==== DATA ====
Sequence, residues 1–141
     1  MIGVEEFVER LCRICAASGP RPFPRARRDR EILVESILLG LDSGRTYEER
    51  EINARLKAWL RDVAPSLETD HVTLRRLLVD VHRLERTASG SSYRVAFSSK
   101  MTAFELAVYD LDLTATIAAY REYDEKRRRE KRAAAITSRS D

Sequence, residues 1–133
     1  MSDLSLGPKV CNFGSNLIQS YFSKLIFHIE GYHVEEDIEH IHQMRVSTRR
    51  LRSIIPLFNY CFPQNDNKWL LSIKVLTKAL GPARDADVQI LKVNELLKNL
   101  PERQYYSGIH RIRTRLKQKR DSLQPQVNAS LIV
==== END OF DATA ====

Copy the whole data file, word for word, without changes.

Sequence, residues 1–141
     1  MIGVEEFVER LCRICAASGP RPFPRARRDR EILVESILLG LDSGRTYEER
    51  EINARLKAWL RDVAPSLETD HVTLRRLLVD VHRLERTASG SSYRVAFSSK
   101  MTAFELAVYD LDLTATIAAY REYDEKRRRE KRAAAITSRS D

Sequence, residues 1–133
     1  MSDLSLGPKV CNFGSNLIQS YFSKLIFHIE GYHVEEDIEH IHQMRVSTRR
    51  LRSIIPLFNY CFPQNDNKWL LSIKVLTKAL GPARDADVQI LKVNELLKNL
   101  PERQYYSGIH RIRTRLKQKR DSLQPQVNAS LIV